In the US alone, there were approximately 2.8 million non-fatal workplace injuries and illnesses reported by private industry in 2017. The cost of workplace injuries is a staggering $171 billion a year and growing fast. The US Department of Labor even has an agency called OSHA with a budget of half a billion dollars. OSHA partners with US States to provide 2,100 inspectors who are together responsible for the health and safety of 130 million workers in the country. This translates into one compliance officer for every 59,000 workers. Still, the agency conducts close to 100,000 inspections per year to make sure employers follow their guidelines for workplace safety.

EHS teams globally face pressure from top management as well as government organizations to do their jobs and prevent workplace accidents. To do so, EHS teams are equipped with a very scarce toolset. The only piece of software they use today are digital checklists that serve as a system of record for compliance management.

So, what solution could help EHS teams save more lives ;-) ?

Welcome, Intenseye

Intenseye is an AI-first enterprise SaaS solution that connects existing IP-connected video cameras that are recording scenes from indoor industrial facilities. EHS teams can easily configure Intenseye’s computer vision capabilities, monitor the video feeds for infringements, and send alerts when they happen. EHS is now operationalised in computer vision software, not digital checklists.

Intenseye’s technology in action

The platform also compiles analytics on these infringements overtime to help EHS teams to track their core KPIs. With this new insight, EHS teams use Intenseye as a key workflow tool to diagnose where problems are, why they occur, and what training initiatives they can implement to improve day after day. You’ll find a few screenshots of their platform below:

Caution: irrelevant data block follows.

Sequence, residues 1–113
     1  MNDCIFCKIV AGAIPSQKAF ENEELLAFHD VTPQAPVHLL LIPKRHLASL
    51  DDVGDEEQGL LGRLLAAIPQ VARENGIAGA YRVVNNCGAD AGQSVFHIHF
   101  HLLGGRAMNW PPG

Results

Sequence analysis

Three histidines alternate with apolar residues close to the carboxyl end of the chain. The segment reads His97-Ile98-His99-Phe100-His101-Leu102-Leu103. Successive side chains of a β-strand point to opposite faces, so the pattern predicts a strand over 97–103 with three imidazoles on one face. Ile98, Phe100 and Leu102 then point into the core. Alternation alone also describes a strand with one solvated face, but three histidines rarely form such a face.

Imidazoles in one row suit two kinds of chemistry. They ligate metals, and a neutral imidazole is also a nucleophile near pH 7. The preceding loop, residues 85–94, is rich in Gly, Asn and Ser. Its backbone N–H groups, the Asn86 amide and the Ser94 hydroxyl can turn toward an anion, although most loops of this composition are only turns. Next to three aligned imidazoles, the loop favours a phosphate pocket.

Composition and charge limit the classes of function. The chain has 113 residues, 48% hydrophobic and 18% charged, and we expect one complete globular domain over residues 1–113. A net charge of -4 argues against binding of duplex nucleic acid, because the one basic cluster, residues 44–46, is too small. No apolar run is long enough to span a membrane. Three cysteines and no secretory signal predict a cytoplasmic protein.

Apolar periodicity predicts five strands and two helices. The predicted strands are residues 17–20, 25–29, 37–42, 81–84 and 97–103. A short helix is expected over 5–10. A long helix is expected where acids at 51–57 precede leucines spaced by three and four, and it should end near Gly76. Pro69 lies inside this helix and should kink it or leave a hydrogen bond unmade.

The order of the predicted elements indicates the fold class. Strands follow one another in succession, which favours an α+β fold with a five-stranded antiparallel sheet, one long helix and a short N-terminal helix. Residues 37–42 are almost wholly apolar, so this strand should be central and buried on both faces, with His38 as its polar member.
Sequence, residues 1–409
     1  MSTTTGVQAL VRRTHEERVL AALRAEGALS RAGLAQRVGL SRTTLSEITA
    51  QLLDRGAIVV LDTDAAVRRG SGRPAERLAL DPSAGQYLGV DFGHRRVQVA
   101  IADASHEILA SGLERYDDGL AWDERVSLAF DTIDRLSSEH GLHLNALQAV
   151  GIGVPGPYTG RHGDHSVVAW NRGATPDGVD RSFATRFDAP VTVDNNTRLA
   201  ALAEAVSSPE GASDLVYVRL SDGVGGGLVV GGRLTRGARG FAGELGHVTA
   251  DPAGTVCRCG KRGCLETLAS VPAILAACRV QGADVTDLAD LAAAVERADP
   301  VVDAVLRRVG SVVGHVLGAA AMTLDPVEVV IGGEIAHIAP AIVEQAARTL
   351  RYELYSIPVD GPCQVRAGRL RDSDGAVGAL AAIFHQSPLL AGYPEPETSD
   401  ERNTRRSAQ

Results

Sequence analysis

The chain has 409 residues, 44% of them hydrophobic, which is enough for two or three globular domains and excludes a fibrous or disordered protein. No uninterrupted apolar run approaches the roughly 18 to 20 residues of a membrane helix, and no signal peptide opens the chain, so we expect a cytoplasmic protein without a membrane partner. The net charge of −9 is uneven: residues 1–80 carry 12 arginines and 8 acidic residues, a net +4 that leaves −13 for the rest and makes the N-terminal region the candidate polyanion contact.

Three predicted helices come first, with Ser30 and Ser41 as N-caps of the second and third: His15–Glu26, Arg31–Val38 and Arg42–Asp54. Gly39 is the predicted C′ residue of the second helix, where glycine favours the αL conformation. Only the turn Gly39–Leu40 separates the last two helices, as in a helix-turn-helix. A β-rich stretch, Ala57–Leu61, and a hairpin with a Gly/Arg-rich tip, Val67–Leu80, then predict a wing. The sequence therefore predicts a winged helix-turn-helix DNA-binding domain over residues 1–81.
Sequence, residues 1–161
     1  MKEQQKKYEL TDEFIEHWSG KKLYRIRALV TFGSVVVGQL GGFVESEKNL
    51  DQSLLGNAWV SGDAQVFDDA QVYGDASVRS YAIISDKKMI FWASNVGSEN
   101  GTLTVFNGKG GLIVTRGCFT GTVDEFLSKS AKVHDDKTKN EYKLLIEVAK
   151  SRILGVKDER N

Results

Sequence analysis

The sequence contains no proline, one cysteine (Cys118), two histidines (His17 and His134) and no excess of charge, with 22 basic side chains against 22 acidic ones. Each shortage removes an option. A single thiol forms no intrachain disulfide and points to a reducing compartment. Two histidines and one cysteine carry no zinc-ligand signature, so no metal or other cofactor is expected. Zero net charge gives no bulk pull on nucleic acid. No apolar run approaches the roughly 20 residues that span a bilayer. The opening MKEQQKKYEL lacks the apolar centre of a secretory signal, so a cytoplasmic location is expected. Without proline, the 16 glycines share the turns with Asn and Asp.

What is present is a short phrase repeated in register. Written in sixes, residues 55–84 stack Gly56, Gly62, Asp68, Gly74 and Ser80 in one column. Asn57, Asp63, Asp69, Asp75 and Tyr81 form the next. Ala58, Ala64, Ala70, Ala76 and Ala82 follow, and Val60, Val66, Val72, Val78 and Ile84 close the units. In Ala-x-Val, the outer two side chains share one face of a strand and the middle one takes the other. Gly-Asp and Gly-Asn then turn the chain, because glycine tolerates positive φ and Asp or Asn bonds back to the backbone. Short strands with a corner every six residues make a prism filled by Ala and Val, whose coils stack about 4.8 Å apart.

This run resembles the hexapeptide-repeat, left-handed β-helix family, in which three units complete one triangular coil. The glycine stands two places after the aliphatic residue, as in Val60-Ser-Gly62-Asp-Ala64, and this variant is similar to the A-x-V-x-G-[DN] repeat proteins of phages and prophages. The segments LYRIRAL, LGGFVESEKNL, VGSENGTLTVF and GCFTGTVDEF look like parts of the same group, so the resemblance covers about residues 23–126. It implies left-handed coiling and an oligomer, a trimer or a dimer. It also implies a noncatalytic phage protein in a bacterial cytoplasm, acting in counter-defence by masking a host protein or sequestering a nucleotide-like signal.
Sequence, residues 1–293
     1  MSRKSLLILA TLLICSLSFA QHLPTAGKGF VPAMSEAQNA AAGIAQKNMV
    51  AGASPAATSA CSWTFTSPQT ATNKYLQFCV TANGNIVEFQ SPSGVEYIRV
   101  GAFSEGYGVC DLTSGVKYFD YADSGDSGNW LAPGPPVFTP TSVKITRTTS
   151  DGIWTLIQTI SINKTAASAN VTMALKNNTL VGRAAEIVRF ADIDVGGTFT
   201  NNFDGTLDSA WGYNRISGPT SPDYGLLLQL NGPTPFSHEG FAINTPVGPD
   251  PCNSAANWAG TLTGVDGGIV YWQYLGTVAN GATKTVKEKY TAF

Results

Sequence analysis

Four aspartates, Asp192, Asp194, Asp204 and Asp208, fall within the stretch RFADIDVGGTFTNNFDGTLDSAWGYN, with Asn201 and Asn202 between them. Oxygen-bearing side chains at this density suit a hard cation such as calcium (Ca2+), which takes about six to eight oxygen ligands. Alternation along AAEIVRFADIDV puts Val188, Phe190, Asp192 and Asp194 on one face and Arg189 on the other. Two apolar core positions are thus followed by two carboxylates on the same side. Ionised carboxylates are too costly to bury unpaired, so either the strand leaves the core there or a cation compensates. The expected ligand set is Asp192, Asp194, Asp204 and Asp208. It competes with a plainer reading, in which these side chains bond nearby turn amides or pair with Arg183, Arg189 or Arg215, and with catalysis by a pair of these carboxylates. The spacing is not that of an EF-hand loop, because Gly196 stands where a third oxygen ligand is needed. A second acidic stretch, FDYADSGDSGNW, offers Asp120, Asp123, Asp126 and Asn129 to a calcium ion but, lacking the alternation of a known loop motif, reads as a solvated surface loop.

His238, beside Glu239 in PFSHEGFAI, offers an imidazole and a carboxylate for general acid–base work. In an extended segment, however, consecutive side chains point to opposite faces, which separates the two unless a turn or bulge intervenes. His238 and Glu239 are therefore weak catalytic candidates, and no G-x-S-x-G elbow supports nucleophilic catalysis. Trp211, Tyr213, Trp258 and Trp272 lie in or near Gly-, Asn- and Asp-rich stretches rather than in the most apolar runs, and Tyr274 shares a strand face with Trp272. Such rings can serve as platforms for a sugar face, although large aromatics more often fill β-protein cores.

With COVID-19, the Intenseye team worked day and night to help their customers in business and their employees safe. For example, they introduced a set of features to track social distancing, temperature checks and mask detection. Check them out below:

Tracking social distancing in the shop floor

Why is Intenseye exciting?

  • The creation of a new category: Intenseye is a 100x improvement to the way EHS track, diagnose and remediate incidents. The software provides a workflow tool that allows EHS teams to be more effective at solving issues they were unaware of before. The platform also enables collaboration across the organization as it enables alignment between EHS teams on site and operations teams in the HQ.
  • A unique real world data set: The data collected by Intenseye isn’t available publicly and enables the company to build a strong moat. Each new use case they cover is another opportunity for data network effects to kick-in and customer trust in Intenseye’s reliability to compound. The additional data they collect as they grow the user base helps them improve the quality of the experience for the whole user base while creating additional barriers to entry.